Canada’s air industry plays a crucial part in Canada’s economy and how we relate to each other. With the arrival of COVID-19, this industry has been all but grounded. People are not travelling; businesses have almost stopped operating and airports are empty. Canada is known for being a leader in air safety and yet government is falling short of this mark. As restrictions are loosening, the Canadian government must develop and share a plan that allows this industry to resume so that communities across the country can begin the process of rebuilding.
In case there was any debate about the importance of travel to all of Canada, here are the numbers:
- According to Statistics Canada, over 2% of Canada’s GDP comes from the travel and tourism trade alone totaling more than $35 billion in 2018. [i]
- There are approximately 76,000 jobs within the air transportation sector; 73% of these are dependent on tourism[ii].
- According to the Meetings Means Business, the Canadian Meetings and Business Industry provides $33 billion through direct spending and provides 229,000 jobs.[iii]
- According to the Canadian Airports Council, prior to COVID, Canada’s airports employed 200,000 people, resulting in approximately $13 billion in wages and $7 billion in taxes going to various levels of government.
The reopening of Canada’s borders both internally and to international travel is crucial to facilitating not just the air industry but to small businesses like tour operators, large hotels, local restaurants and so much more. The current stressful situation for millions of Canadians is to wonder “when can I go back to work and will there be a job for me to go back to?”
It would be unfair for government to announce reopening without allowing everyone to have the time to prepare responsibly for it. This needs to be done carefully which means Canada needs to have a plan and share it.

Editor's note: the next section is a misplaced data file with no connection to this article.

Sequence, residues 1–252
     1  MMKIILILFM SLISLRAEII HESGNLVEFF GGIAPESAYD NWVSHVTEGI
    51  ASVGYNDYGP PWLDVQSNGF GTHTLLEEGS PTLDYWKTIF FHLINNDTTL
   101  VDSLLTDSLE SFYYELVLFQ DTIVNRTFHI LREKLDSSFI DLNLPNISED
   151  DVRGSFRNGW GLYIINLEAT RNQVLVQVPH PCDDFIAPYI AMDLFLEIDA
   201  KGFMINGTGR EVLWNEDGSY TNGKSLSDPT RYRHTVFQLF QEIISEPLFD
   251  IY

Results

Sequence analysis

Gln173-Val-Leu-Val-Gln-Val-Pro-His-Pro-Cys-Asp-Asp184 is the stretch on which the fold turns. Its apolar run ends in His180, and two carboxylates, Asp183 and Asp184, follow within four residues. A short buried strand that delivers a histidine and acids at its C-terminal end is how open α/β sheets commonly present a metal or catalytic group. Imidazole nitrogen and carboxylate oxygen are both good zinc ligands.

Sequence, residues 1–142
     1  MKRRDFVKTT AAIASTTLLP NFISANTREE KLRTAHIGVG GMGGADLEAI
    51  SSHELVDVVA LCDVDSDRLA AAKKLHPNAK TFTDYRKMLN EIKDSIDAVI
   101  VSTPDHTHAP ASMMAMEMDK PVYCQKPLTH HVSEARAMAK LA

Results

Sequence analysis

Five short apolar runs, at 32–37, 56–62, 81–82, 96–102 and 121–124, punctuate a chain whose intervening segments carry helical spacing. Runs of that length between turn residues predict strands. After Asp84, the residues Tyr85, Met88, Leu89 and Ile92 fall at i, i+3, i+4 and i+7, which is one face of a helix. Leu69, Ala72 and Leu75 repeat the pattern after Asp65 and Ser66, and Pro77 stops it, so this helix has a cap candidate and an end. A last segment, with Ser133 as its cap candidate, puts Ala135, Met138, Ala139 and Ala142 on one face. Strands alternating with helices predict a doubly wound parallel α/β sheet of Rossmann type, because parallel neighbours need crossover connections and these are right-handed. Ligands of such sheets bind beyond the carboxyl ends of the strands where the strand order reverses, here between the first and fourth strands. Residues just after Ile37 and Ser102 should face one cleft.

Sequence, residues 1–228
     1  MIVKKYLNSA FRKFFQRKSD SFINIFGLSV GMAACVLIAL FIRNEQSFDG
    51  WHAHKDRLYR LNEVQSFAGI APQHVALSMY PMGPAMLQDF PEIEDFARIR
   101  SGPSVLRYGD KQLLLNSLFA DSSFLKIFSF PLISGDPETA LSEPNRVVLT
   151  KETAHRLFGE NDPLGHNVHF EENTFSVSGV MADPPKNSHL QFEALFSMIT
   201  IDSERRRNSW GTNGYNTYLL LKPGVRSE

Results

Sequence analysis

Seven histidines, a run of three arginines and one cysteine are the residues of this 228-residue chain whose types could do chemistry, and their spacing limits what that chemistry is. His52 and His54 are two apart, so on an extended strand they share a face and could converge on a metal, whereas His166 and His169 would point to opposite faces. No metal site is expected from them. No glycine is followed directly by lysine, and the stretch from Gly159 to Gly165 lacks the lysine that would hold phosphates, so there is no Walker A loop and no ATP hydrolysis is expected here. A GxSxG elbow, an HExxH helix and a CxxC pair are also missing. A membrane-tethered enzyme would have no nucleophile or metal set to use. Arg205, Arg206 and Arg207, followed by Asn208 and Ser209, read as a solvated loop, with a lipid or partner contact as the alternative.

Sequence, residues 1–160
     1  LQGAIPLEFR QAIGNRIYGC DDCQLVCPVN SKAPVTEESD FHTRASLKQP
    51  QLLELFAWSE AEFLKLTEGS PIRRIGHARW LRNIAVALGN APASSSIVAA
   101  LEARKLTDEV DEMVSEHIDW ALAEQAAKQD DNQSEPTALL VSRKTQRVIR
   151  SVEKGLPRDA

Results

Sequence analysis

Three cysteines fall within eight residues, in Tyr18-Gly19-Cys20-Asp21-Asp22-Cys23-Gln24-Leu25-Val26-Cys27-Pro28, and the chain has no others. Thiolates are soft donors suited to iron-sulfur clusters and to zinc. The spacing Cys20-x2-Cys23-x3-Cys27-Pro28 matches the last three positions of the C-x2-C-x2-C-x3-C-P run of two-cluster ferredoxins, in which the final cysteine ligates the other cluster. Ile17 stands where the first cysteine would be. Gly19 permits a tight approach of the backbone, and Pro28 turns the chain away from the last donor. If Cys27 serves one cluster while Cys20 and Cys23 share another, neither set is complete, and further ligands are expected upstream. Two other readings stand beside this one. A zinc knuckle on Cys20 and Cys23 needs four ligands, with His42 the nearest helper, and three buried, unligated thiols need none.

To be fair, the Canadian government has many demands for assistance from all industries as a result of the impact of the novel coronavirus. It has provided assistance for Canadians through programs like the Canadian Emergency Wage Subsidy and amended student summer job programs. Specifically, it has relaxed many regulations for the air industry compliance and has provided a 10-month ground rent relief amongst other things. The demands for more financial assistance from all sectors will not stop coming. The only way to do this is to be a leader and develop an effective plan that ensures the safety of Canadians and the international travelling public on how to open borders and rebuild our economy.
It isn’t like Canada needs to build a plan from scratch. The International Civil Aviation Organization (ICAO), a Montreal-based organization that falls under the United Nations to which Canada is a signatory, has produced a report that outlines the five risk-based stages (from stage 0 to stage 4) to safely reopen travel. They are:
- minimal travel with restrictions;
- low passenger volume to allow airports and airlines to implement public health strategies;
- continued increase of passenger volume to match health strategies and other local modes of transportation;